Monday, May 28, 2007
Playing to your strengths
Writers are insecure bods on the whole. And the following scenario may be familiar to you:
Oh dear, you say, it's time to start my next project. Well, what I really want to write is a tender romance, because what I get most into is intimate character interaction - but romance is a pretty formulaic plot. I'm not very good at plot. Proper books have plot. I need to improve at plot. I think I'd better keep the romance as a subplot add a twisty detective story to make sure I'm doing everything a book needs to do.
This is technically known as 'working against yourself'.
Of course it's good to develop in areas where you aren't so strong. And there's nothing like practice for developing. When I did a Creative Writing MA, I felt I was weak on dialogue, so picked a minor that involved writing a play, to force myself to do something that involved a lot of dialogue. But - here's the thing - that was by way of an exercise. If you're outlining a major project, that's not an exercise. You learn a lot writing a book, but mostly you learn how to write that particular book. It doesn't teach you how to write the next one. (I really wish it did, but alas, it doesn't seem to.) Feeling a bit worried that you might not be that great at something is no excuse not to try and make it work - but what you shouldn't do, if you want to write a book and sell it, is map out a project based on supressing the things you have a personal yen for.
The logic goes something like this: I don't find it very difficult to write, say, action scenes. That must mean that action scenes aren't very difficult to write. So action scenes aren't very impressive; I need to write a book that depends on other kinds of scene.
This is your logic bone trying to kill you. Yes, you shouldn't write a book that's nothing but one long action scene, because that would be boring, but you might consider that possibly you don't find action scenes difficult because you're good at them. And considering that, maybe you should write an action thriller, rather than an historical novel about the first love of a pacifist Quaker maiden. Neither kind of book is inherently better, but a good action thriller is better than a bad Quaker romance.
Which is to say, you need to find the plots that give you scope to play around with your preferences. I wasn't particularly interested in werewolves per se when I wrote Bareback, but I was interested in outsiderdom and body dysmorphia; werewolves gave me the scope to do that. What you really need is not a plot that hides your personal preferences, because, while the personal is intimate and can hence easily feel embarassing, there's actually nothing shameful at all about prefering high melodrama, low-key realism, complicated plots, a well-done formula, reflective melancholy or joyous feelgood. Whatever your preference, I can pretty much guarantee that there will be thousands of people who share it; it only feels embarrassing because it's yours.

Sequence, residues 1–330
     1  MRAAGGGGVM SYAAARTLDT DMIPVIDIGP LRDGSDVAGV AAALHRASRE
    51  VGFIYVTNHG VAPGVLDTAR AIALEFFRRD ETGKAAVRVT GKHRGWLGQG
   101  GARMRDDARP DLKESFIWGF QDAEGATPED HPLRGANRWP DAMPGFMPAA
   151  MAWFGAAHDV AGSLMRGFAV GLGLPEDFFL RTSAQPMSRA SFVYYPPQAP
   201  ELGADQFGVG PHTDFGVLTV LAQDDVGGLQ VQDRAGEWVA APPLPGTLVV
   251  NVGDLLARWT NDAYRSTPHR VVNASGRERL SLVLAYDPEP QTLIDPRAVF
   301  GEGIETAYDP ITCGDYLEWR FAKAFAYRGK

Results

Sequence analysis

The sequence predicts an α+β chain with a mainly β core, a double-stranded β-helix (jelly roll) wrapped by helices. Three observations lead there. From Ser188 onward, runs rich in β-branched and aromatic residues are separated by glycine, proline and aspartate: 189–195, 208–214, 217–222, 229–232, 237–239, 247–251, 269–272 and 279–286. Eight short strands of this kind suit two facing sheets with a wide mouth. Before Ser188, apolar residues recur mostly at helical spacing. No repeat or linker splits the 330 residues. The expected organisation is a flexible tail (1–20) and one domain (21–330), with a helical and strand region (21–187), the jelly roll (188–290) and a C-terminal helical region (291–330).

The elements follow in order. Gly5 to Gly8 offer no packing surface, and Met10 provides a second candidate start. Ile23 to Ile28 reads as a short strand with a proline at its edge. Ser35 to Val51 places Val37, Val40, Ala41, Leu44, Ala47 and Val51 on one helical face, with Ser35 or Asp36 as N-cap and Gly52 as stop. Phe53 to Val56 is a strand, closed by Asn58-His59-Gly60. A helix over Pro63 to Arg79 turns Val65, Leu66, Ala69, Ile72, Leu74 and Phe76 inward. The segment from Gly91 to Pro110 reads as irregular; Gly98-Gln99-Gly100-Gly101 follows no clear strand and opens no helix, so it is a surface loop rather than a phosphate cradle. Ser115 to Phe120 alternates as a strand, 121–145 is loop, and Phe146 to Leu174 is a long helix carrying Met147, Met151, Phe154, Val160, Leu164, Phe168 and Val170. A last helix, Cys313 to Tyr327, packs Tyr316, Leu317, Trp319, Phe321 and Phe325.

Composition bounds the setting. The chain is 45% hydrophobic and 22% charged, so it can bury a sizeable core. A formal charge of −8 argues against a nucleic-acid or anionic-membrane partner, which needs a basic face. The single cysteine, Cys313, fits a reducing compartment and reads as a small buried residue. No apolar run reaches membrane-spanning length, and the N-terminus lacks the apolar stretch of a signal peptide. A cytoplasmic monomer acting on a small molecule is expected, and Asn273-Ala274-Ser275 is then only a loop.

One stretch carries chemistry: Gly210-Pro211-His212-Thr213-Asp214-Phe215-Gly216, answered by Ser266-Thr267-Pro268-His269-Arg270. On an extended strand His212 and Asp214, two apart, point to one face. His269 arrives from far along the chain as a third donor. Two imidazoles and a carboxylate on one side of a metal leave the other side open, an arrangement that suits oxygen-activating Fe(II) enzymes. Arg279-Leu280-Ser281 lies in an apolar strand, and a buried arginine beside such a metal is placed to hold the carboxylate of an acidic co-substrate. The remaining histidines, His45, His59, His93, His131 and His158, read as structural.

What you need instead is to find a plot that gives you an excuse to write about the things you like. The right preference in the wrong book probably will create a mess, and that is a bit embarrassing, but the right preference in the right book creates a novel that works perfectly.
If you prefer writing green to yellow, set your story in a forest; if you prefer writing yellow to green, set your story in a desert.
It takes me about a year to write a novel and the last thing I want is to spend that much time writing about things I do not care about. The way I see it if the story doesn't engange and interset me, how can I expect it to truly reach a reader.
Oh Kit, creepy post. It's as if you've climbed inside my head and know exactly what's going on while I'm trying to structure my current "book"... Urg, sorry it's such a mess in here, don't generally clean up because it makes me nervous... please wipe your feet on the way out, and do mind your head on the dead elves hanging from the doorway...
Oh, no. Kit climbed into MY head today. Thanks, Kit, I really needed this.
I am afraid that I'm writing a romance novel. But I don't write romance novels. I write SF novels. But here I am with a love story that happens to take place on a spaceship. And other things happen too, but the romance is the engine that drives the story.
The bad, logical part of my brain is trying to hurt my story. It's trying to get me to take all that romance stuff out, or at least tone it down.
Thanks for the shot of courage, today. I will tell that bad logic to back off, get out of the car, and let the story drive where it needs to go.
What's wrong with love stories anyway? I like love stories.Post a Comment
Anyway, you can do both at once, no? SF setting and romance structure? There's no law saying you can't do more than one genre at once. Or at least, if there is, then the Fiction Police are going to be knocking on my door any min
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